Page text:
The ‘boys’ in the office

I get funny looks when I refer to them as “the boys.”
Forget, for a moment, that all three of my officemates are well past the age of majority.
They’re still the boys to me.
With the recent move of the Towne Crier staff into the Democrat’s main office here in Callicoon, I’ve been shifted into a new workspace.
With that has come a new set of office buddies – it’s now three guys and me in one big, refurbished room.
In almost 10 years of working on and off for the Democrat, it’s the first time I’ve been based somewhere other than the back room overlooking the Callicoon Creek.
But the old darkroom has been recast as clean, bright new digs with bigger desks, empty bulletin boards for me to fill and a whole new view.
And, of course, those officemates.
I’ve always shared my workspace with at least one guy; from the days when I worked as my dad’s secretary through my days in the newsroom of The Tidewater News down in Virginia.
But now I’m officially outnumbered.
Remember, it’s three guys and little ol’ me.
Three burping, pooting, belly-scratching guys… and, well, this good old country girl who at least has the good grace to say excuse me after a belch makes its escape.
Three guys who equate cold with the North Pole and a reasonable 68 degrees with the equator.
I’ve adapted with three layers, but these fleecy gloves sure do make it hard to type.
Not that the new department formations is without its benefits.
I now crank up the iTunes radio rock stations because I’ve got two on my musical side in the battle for the tunes to work by.
Our sports editor has no way to miss my puppy dog eyes as he makes his way past my desk and on to the grocery store, then back again with my caffeine injection bottled up by the folks at Pepsi-Cola.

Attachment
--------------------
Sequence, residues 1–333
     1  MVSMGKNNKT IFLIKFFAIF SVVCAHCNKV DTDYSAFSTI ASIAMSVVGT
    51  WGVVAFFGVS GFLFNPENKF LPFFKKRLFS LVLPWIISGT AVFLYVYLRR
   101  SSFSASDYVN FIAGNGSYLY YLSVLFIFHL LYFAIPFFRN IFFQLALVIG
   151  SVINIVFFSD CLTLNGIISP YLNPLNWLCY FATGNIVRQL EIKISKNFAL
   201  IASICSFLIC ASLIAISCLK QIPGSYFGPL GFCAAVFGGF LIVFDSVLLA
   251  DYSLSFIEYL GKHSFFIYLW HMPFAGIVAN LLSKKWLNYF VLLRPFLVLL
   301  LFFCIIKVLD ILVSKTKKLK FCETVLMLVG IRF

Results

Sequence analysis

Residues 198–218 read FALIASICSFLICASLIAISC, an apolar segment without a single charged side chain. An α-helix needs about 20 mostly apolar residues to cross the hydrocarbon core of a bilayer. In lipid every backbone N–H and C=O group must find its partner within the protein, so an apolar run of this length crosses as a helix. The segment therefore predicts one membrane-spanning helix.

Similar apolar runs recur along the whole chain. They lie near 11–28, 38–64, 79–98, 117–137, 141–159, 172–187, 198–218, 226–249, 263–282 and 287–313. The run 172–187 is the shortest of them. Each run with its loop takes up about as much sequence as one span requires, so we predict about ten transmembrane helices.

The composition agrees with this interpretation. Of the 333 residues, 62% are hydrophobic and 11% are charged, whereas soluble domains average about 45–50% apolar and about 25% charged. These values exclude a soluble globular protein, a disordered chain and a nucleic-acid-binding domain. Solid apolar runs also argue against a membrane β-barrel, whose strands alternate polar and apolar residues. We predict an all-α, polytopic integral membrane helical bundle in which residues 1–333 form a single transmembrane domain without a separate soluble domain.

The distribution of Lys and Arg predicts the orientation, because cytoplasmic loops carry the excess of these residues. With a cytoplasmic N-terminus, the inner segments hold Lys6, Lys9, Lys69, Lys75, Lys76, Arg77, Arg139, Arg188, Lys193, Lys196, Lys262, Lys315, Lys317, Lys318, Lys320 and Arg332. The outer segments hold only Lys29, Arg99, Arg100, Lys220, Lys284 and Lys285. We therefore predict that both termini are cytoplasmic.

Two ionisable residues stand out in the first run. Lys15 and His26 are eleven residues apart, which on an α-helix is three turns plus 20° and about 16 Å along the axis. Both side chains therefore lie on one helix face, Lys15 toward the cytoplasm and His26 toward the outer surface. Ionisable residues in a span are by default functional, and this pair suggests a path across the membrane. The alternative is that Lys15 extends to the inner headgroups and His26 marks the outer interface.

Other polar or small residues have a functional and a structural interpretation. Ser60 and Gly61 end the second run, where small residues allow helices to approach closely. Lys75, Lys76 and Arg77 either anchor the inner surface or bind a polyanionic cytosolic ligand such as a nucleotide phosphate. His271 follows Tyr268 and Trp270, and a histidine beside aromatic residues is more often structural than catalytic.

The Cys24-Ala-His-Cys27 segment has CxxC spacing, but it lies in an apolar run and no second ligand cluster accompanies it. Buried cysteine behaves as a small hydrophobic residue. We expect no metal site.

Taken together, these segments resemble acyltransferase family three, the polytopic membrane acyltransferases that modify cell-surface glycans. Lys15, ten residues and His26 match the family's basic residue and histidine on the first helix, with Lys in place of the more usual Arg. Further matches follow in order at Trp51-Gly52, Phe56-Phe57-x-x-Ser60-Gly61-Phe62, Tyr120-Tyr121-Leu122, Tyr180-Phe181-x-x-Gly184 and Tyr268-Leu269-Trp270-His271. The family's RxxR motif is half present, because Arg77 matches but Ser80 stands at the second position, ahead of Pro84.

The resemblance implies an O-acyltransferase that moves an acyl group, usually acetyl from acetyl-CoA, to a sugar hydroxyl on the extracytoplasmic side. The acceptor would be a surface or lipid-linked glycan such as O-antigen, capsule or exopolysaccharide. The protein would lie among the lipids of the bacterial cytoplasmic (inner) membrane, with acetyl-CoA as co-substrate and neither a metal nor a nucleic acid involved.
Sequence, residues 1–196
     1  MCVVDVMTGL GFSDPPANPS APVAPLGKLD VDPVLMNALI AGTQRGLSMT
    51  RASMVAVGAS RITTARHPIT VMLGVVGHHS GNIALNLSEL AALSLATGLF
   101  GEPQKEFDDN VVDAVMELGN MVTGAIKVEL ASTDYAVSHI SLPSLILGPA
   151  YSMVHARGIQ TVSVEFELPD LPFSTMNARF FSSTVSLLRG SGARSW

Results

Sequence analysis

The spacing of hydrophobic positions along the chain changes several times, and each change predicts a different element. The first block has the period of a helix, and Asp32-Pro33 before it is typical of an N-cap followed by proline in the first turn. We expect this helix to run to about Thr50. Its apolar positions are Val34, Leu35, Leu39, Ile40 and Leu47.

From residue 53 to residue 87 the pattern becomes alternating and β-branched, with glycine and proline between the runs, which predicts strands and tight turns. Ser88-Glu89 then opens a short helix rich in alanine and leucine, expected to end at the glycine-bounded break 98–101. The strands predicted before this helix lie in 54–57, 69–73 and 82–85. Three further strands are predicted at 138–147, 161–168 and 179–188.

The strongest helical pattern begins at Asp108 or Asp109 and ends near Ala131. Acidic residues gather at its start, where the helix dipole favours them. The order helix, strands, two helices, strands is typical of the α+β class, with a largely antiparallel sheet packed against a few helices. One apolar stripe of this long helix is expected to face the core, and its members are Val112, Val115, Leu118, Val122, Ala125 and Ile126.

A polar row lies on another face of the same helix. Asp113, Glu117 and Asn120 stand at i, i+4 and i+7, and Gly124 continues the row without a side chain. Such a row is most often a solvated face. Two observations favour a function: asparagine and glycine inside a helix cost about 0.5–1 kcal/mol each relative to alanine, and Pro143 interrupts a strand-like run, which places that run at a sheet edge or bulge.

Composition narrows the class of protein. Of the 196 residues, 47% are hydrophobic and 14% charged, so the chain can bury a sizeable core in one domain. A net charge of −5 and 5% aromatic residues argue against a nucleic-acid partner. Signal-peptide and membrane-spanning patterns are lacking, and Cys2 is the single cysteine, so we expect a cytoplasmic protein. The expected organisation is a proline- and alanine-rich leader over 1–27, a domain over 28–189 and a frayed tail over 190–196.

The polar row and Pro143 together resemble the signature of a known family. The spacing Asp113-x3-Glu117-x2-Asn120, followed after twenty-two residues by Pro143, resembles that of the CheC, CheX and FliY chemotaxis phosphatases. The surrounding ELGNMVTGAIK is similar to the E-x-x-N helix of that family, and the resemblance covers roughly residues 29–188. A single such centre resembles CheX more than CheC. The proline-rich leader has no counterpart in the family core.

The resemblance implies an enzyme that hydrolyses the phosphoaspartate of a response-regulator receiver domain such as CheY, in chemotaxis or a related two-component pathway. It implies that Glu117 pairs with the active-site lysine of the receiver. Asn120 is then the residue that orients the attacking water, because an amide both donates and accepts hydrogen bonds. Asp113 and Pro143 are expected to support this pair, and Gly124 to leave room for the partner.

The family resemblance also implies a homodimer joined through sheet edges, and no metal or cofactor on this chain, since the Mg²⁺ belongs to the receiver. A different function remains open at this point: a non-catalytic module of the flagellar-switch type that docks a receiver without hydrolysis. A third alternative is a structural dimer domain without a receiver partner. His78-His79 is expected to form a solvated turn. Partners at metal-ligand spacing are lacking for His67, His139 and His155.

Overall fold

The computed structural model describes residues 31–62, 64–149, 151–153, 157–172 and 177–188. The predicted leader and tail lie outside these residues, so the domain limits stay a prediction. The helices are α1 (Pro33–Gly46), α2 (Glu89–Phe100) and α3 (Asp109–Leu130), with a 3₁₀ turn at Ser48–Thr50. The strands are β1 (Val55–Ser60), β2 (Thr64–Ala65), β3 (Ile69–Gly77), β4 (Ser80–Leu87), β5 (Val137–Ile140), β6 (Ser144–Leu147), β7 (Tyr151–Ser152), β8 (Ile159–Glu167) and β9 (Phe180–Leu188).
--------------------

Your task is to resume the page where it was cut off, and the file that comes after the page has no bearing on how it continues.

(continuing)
And I’ve got a fountain of knowledge to draw from when I’m penning a story for the sports section.
But I’m still the only girl, and like the only daughter finds herself organizing the surprises for her brothers, I’ve gotten to learn a thing or two about doing it my way.
This season, it’s fallen to me to bring the holiday spirit to our little corner of Catskill-Delaware Publications.
Nary a twinkling light or candy cane was strung up by the boys who hold down the fort five days a week to my part-time two.
So off to Target for four stockings, a fake silver tree and the requisite ornaments.
I carefully selected the candies I don’t eat, protecting my waistline while abusing theirs.
The snowman appliqués of the stockings winking from their perches on the desks of my colleagues, the disco ball ornaments glinting from the miniature tree atop our pile of potential stories, I surveyed my work while the boys gorged themselves on their candy gifts.
Almost, but not quite, I decided.
I sat at my computer for a moment and quickly typed up a sign.
“Welcome,” it reads, “to the land of the misfit toys.”
And they heard me exclaim, as I dashed out of sight, “Merry Christmas to all, and to all… you better have something good for me next year!”

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